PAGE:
South Africa’s new security laws: who will they protect?
Johannesburg – Concerns are growing in South Africa that new laws on intelligence, security and graft-busting may end up protecting the political elite more than the nation.
President Jacob Zuma’s ANC government has proposed three measures – two revisions to apartheid-era intelligence bills and a third on oversight of the police’s anti-graft unit, the Hawks – that have prompted concern data may be suppressed.
The bills threaten reporters with jail for using sensitive government information, increase the powers of a circle around the president to keep a lid on secrets and could clip the wings of the elite Hawks, trained by the likes of the U.S. FBI.
They are nowhere near as draconian as the laws drawn up under white minority rule, when the names of liberation struggle leaders such as Nelson Mandela and Walter Sisulu could not even appear in print.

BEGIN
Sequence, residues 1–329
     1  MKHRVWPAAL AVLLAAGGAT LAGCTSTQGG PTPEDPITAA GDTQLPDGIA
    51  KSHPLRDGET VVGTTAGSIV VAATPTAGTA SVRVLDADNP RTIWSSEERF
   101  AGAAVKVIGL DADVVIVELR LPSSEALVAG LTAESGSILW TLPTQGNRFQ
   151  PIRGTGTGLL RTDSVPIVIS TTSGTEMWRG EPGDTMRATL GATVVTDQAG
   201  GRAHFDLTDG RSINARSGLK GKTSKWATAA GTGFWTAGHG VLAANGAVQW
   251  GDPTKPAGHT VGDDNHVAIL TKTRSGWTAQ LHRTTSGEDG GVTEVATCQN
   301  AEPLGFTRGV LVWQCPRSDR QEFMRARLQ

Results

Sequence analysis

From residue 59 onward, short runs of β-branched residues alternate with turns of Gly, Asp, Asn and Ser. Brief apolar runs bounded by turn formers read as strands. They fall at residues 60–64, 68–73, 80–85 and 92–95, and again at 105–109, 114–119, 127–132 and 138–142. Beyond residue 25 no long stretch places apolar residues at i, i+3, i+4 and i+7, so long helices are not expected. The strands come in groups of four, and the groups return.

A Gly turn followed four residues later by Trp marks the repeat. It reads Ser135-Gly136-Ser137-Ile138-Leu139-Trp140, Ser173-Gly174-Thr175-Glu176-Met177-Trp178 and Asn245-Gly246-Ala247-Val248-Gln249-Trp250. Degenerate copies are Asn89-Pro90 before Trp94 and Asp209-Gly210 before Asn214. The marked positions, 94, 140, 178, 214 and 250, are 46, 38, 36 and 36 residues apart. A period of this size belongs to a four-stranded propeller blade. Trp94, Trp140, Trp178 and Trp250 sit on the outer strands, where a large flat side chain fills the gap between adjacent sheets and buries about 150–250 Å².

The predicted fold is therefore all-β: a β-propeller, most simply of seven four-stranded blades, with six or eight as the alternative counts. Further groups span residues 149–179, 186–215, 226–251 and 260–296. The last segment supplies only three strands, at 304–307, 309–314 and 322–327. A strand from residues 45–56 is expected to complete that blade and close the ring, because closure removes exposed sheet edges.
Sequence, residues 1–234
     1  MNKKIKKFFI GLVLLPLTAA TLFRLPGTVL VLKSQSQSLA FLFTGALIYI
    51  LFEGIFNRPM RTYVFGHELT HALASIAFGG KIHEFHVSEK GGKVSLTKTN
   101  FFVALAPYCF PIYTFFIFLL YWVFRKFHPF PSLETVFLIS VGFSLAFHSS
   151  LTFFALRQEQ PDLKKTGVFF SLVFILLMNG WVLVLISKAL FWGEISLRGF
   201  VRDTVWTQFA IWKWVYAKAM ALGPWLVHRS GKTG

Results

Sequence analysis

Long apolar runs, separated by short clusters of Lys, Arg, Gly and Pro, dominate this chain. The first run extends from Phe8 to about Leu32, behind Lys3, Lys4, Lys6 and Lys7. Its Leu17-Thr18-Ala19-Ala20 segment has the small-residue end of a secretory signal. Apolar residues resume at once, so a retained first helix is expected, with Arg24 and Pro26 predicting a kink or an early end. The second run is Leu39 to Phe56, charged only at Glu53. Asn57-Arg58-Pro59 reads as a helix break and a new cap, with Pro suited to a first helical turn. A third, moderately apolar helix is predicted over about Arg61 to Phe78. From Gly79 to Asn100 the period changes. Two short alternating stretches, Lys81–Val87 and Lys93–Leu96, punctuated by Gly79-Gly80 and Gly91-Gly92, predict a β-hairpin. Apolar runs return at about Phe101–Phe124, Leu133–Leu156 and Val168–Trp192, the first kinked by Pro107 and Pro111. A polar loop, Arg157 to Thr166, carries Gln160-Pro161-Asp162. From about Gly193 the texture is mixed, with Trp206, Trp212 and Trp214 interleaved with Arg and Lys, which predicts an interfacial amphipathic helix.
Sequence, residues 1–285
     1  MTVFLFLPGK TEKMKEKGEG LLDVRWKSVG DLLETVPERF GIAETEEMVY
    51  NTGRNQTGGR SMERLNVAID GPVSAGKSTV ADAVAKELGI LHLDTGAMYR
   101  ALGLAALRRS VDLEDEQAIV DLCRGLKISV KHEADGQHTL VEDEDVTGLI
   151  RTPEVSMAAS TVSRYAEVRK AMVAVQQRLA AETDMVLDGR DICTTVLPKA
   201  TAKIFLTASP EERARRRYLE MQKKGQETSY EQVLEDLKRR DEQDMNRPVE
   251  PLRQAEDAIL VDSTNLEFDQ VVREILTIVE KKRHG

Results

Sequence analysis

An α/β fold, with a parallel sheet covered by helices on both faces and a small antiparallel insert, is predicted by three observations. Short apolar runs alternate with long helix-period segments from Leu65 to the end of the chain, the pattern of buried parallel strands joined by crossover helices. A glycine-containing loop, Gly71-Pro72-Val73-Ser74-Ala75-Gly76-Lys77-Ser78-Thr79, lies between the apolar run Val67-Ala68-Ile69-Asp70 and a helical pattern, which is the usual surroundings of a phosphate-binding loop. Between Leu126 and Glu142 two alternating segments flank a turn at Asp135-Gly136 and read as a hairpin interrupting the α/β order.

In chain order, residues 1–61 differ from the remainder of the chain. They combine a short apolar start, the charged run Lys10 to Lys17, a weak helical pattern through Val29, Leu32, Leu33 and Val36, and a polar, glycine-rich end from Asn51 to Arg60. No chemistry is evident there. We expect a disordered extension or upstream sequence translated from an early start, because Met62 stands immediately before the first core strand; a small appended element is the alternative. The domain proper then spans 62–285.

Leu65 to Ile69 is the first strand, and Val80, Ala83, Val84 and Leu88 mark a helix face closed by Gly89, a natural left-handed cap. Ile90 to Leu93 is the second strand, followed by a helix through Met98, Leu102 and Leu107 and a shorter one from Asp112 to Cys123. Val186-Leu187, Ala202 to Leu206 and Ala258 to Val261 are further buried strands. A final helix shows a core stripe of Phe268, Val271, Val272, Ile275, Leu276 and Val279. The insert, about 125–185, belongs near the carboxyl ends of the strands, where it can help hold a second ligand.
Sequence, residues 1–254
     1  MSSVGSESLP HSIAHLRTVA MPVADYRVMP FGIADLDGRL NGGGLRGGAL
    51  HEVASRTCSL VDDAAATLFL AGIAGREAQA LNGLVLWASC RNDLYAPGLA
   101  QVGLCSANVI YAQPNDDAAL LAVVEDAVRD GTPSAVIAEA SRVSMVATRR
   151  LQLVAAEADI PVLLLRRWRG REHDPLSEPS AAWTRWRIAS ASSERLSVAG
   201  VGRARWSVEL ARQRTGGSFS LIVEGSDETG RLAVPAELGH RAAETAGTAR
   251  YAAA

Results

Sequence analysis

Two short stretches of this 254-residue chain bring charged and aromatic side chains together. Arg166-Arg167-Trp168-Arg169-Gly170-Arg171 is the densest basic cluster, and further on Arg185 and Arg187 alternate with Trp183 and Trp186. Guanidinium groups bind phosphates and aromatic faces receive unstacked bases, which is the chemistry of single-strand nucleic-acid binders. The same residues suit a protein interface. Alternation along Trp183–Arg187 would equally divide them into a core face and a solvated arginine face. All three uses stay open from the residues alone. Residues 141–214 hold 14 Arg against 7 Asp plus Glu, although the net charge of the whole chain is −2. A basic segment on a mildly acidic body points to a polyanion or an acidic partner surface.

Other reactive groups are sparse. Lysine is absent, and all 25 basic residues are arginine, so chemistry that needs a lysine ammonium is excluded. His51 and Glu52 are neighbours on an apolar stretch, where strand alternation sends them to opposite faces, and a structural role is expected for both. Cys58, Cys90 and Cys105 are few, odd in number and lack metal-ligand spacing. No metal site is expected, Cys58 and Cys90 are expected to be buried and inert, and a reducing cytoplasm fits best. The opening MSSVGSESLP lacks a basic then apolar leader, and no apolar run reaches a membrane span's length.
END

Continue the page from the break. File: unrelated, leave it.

But some insiders see them as corrosive.
“The priority of the pieces of legislation is not the stated protection of South Africa,” said a senior law enforcement official who asked not to be named. “They are aimed at protecting certain individuals within the ANC.”
The government says the new laws are overdue and fears of abuse are not justified.
“All work being done will continue to be done within the ambit of the Constitution and the rule of law and so we should not be alarmist in our approach to the reforms,” said Brian Dube, spokesman for the State Security Ministry.
Angola Press Agency
- South Africa’s new security laws: who will they protect?